In his book The Time That Remains: A Commentary on the Letter to the Romans, Giorgio Agamben states that the famous hunchbacked dwarf from Walter Benjamin's first thesis on the philosophy of history was none other than Paul. Unlike Agamben, Benjamin was a reader of the Jewish philosopher Hermann Cohen, whose interpretation of human weakness represents not only an alternative but in many respects a counterposition to Paul. In my article I present Cohen's messianism and his generation of the concept of the individual out of the recognition of human weakness. I return then to the question of whether Benjamin in fact refers to the second letter to the Corinthians or whether there are not good reasons to assume that Benjamin is closer to Cohen's thought of the messianic power of weakness than to Paul's heroic suffering.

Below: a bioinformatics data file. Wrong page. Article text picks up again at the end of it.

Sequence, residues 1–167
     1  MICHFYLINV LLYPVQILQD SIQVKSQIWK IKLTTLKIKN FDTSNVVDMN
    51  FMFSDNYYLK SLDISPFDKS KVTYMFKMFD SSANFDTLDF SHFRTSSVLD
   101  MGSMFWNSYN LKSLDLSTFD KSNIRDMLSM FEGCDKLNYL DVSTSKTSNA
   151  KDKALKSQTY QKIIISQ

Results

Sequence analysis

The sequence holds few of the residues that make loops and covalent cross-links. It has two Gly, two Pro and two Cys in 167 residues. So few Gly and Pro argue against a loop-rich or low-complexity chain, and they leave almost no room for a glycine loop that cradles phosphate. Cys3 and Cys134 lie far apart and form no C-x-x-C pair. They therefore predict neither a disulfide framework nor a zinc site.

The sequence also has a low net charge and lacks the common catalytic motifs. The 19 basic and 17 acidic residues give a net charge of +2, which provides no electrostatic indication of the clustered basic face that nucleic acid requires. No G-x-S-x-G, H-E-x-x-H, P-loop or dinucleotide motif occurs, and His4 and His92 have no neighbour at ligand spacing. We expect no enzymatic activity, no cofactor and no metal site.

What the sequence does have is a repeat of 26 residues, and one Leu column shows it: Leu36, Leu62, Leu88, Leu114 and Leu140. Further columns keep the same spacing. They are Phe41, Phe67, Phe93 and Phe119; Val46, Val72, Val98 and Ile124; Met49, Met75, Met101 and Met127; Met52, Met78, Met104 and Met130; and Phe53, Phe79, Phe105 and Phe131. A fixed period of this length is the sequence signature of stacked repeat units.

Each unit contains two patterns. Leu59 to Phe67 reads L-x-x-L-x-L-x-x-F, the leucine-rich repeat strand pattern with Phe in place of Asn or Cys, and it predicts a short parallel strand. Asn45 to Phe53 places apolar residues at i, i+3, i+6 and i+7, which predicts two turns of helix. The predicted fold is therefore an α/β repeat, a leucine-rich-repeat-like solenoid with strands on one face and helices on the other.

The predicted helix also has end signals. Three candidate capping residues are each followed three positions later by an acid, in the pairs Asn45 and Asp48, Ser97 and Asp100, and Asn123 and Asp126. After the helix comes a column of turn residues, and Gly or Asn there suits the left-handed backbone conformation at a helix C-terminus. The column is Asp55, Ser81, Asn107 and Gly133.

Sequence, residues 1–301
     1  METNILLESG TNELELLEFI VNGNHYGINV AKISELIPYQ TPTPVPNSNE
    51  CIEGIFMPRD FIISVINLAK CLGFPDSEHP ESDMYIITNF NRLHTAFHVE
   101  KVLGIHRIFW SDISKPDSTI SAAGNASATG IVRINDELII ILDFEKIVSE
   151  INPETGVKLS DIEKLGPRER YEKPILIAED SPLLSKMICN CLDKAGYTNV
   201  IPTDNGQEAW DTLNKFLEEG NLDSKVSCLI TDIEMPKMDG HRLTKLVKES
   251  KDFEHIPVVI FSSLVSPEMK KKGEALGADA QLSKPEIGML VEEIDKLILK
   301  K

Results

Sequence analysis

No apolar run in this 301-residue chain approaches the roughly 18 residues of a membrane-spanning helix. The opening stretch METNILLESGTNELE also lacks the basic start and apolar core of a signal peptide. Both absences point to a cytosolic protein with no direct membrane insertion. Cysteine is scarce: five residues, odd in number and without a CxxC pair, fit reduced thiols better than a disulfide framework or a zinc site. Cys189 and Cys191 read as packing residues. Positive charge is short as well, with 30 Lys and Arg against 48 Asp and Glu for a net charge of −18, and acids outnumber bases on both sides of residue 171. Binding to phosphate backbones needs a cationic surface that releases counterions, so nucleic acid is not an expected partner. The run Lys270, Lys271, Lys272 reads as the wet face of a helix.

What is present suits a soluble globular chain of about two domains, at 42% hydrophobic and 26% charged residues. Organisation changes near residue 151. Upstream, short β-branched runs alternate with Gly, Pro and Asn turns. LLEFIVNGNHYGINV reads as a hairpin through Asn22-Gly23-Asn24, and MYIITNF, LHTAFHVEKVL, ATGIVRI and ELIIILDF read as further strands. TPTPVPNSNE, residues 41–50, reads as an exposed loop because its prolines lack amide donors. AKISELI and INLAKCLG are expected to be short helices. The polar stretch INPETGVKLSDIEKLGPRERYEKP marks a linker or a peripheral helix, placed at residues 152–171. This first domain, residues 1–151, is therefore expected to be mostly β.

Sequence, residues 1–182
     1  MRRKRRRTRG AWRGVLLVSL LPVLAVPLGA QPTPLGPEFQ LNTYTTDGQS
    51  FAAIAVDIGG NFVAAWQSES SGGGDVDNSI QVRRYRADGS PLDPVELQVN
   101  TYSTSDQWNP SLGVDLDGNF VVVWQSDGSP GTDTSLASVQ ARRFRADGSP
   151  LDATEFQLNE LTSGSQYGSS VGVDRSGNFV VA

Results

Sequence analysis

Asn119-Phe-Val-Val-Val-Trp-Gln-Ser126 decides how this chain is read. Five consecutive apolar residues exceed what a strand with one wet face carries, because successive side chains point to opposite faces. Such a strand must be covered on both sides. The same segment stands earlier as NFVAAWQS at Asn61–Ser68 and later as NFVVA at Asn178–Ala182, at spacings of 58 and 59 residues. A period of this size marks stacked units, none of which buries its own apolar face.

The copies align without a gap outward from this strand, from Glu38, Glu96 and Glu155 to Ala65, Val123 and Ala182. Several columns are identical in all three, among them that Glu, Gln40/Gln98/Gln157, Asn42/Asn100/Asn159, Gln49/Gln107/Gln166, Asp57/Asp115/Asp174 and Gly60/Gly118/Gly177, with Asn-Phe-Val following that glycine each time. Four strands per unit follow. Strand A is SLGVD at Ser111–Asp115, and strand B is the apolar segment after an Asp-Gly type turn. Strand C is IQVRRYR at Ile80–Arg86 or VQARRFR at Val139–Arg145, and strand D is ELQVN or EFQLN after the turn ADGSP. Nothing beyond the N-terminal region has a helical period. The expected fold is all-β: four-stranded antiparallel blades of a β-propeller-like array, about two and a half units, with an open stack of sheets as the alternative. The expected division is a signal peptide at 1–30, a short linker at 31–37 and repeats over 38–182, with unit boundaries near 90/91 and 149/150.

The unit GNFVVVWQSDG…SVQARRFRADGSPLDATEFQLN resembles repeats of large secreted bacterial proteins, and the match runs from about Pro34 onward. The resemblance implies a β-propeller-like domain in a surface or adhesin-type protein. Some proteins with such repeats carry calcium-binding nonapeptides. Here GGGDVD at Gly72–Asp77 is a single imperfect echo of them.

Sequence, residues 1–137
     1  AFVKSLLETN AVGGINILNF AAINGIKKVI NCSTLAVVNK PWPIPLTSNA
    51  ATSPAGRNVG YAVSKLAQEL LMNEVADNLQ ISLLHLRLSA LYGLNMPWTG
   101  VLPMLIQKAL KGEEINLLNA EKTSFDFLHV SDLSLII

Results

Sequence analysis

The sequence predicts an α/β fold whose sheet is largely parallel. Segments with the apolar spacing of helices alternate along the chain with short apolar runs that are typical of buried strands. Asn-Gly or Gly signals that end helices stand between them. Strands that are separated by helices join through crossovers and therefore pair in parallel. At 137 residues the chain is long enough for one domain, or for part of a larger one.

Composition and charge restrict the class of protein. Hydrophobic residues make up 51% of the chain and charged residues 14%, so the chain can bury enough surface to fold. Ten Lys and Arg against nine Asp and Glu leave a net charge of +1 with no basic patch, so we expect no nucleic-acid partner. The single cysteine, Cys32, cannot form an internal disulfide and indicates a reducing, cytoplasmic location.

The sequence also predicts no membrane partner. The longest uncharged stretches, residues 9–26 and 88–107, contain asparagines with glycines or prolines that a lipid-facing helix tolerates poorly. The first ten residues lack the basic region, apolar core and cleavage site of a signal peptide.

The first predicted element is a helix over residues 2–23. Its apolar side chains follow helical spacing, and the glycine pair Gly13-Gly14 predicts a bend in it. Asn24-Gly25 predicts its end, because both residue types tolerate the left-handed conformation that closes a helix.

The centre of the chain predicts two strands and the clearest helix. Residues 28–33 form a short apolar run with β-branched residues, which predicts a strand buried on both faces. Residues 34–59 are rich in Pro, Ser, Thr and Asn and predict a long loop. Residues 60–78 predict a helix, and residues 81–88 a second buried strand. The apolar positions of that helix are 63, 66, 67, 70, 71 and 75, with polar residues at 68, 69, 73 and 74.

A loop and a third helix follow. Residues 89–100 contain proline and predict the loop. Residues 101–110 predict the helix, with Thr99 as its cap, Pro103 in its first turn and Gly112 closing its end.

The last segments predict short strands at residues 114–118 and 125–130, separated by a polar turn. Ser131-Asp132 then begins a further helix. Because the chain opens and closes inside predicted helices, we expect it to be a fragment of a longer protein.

Research Article|November 01 2008
Astrid Deuber-Mankowsky; The Image of Happiness We Harbor: The Messianic Power of Weakness in Cohen, Benjamin, and Paul. New German Critique 1 November 2008; 35 (3 (105)): 57–69. doi: https://doi.org/10.1215/0094033X-2008-013
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